New Monterey Bay Aquarium-led research reveals excessively warm ocean temperatures driven by climate change are the new normal. The study, published today by PLOS Climate, establishes that more than half of the ocean surface has exceeded a historical heat extreme threshold on a regular basis since 2014.
And it is these heat extremes, researchers say, that increase the risk of collapse for crucial marine ecosystems, including coral reefs, seagrass meadows, and kelp forests —altering their structure and function, and threatening their capacity to continue to provide life-sustaining services to human communities.
Researchers conducted the study by mapping 150 years of sea surface temperatures to determine a fixed historical benchmark for marine heat extremes. The scientists then looked at how often and how much of the ocean surpassed this point. The first year in which more than half of the ocean experienced heat extremes was 2014. The trend continued in subsequent years, reaching 57 percent of the ocean in 2019, the last year measured in the study. Using this benchmark, just two percent of the ocean surface was experiencing extremely warm temperatures at the end of the 19th century.
“Climate change is not a future event,” said Dr. Kyle Van Houtan, who headed the research team during his tenure as chief scientist for the aquarium. “The reality is that it’s been affecting us for a while. Our research shows that for the last seven years more than half of the ocean has experienced extreme heat.”
“These dramatic changes we’ve recorded in the ocean are yet another piece of evidence that should be a wake-up call to act on climate change,” he added.” We are experiencing it now, and it is speeding up.”
The study grew from separate research into the history of kelp forest changes throughout California. Van Houtan and team discovered that sea surface heat extremes, which are key stressors for canopy kelps, needed to be quantified and mapped along the California coast throughout the last century. The researchers then decided to expand the investigation beyond California to better understand the long-term frequency and location of extreme marine heat across the global ocean surface.
Using historic records, aquarium scientists first determined the average temperatures for the ocean’s surface over the period spanning 1870 to 1919. Then they identified the most dramatic ocean warming that occurred during that period — the top two percent of temperature increases — and defined that as “extreme heat.” The team then mapped the extremes over time, examining whether they occur regularly or are becoming more frequent.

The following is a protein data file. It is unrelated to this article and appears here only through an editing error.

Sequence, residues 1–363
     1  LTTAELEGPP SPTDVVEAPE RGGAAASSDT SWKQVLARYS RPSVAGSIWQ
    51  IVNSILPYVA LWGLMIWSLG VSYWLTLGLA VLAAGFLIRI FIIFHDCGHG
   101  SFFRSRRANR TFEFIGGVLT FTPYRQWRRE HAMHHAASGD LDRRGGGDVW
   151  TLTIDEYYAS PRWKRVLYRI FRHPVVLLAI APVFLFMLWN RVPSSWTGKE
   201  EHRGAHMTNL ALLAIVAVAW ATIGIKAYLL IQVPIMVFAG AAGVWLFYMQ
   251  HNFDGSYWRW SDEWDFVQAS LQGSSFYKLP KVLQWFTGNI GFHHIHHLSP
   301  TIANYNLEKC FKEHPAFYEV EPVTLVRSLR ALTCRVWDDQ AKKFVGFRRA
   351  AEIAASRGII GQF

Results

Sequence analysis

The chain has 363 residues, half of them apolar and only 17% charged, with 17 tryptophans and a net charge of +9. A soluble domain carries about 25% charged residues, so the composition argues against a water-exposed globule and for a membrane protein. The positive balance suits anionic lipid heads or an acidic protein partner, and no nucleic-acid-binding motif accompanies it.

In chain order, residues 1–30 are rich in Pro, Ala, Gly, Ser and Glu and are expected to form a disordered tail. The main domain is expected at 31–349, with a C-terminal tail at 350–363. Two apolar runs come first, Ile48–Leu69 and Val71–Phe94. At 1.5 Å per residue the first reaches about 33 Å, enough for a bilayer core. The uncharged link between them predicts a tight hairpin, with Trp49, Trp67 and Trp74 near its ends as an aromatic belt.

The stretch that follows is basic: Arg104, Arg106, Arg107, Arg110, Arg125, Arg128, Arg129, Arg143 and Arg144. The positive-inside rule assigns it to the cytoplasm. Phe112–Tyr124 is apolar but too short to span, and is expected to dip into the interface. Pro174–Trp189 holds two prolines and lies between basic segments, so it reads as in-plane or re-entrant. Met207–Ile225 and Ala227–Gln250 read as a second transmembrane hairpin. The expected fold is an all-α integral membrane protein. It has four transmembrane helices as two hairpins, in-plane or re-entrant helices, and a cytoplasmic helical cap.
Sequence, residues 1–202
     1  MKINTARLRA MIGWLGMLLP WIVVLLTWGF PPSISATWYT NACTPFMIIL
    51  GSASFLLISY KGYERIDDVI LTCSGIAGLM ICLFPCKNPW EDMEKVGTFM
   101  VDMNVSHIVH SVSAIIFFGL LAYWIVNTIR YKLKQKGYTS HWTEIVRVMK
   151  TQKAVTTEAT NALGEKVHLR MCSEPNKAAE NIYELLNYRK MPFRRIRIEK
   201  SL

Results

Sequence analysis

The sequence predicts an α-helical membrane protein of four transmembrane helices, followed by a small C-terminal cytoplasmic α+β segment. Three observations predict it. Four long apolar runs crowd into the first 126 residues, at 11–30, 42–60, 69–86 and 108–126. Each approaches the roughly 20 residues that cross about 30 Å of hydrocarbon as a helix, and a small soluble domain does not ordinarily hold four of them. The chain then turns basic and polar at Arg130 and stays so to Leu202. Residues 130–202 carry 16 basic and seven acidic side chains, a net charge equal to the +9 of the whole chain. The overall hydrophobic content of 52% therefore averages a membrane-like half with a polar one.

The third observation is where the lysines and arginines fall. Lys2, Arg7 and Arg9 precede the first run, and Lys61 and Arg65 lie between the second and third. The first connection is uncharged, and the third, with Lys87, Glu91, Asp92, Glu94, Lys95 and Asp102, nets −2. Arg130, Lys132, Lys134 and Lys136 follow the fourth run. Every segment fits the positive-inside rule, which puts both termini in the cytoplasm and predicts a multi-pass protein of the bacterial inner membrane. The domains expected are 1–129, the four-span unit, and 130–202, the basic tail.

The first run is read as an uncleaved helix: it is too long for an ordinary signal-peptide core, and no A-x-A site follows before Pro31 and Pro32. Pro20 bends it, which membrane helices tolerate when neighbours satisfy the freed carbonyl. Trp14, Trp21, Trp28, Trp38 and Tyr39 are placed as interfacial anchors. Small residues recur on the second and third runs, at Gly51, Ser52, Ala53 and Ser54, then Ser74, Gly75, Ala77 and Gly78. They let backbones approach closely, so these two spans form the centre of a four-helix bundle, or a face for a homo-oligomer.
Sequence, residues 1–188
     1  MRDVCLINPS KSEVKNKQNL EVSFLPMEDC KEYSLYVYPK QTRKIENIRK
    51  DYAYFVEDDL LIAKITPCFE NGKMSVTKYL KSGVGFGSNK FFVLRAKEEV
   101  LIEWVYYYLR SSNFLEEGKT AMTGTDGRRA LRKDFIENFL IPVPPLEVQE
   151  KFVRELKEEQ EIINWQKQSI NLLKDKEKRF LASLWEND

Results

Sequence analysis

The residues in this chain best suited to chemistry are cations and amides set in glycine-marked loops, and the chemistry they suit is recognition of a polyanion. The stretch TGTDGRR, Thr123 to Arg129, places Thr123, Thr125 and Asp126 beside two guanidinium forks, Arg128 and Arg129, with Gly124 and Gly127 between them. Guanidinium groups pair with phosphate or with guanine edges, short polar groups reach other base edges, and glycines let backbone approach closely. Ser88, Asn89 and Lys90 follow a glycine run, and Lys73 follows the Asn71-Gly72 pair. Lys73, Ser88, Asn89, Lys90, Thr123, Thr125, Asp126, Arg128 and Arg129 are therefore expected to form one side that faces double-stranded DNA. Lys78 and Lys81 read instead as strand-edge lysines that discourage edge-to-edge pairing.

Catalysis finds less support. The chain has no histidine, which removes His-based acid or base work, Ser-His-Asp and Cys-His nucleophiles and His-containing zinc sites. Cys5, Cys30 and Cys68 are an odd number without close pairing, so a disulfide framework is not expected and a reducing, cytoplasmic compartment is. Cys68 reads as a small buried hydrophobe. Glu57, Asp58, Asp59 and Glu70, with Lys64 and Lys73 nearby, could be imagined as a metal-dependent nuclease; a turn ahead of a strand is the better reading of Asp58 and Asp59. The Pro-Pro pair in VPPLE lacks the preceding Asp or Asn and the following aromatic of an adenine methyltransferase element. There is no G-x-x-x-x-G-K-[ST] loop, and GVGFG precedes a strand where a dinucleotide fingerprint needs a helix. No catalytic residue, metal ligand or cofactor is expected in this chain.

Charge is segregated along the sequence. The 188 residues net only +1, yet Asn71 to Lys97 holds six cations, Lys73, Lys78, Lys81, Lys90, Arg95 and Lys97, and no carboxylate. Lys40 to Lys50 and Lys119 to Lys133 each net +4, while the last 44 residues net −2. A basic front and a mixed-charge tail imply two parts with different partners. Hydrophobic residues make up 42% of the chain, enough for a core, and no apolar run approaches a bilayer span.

“Today, the majority of the ocean’s surface has warmed to temperatures that only a century ago occurred as rare, once-in-50-year extreme warming events,” Van Houtan said.
The researchers say the new normal of extreme heat across the majority of the ocean’s surface is further evidence for the urgent need to drastically reduce emissions from the burning of fossil fuels, which are the driver of climate change.
“When marine ecosystems near the tropics experience intolerably high temperatures, key organisms such as corals, seagrass meadows, or kelp forests can collapse,” Van Houtan said. “Altering ecosystem structure and function threatens their capacity to provide life-sustaining services to human communities like supporting healthy and sustainable fisheries, buffering low-lying coastal regions from extreme weather events, and serving as a carbon sink to store the excess carbon put in the atmosphere from human-generated greenhouse emissions.”
The study and its full findings can be read in PLOS Climate.
About Monterey Bay Aquarium
With a mission to inspire conservation of the ocean, the Monterey Bay Aquarium is the most admired aquarium in the United States, a leader in science education, and a voice for ocean conservation through comprehensive programs in marine science and public policy. Everything we do works in concert to protect the future of our blue planet. More information at montereybayaquarium.org.
The recent normalization of historical marine heat extremes
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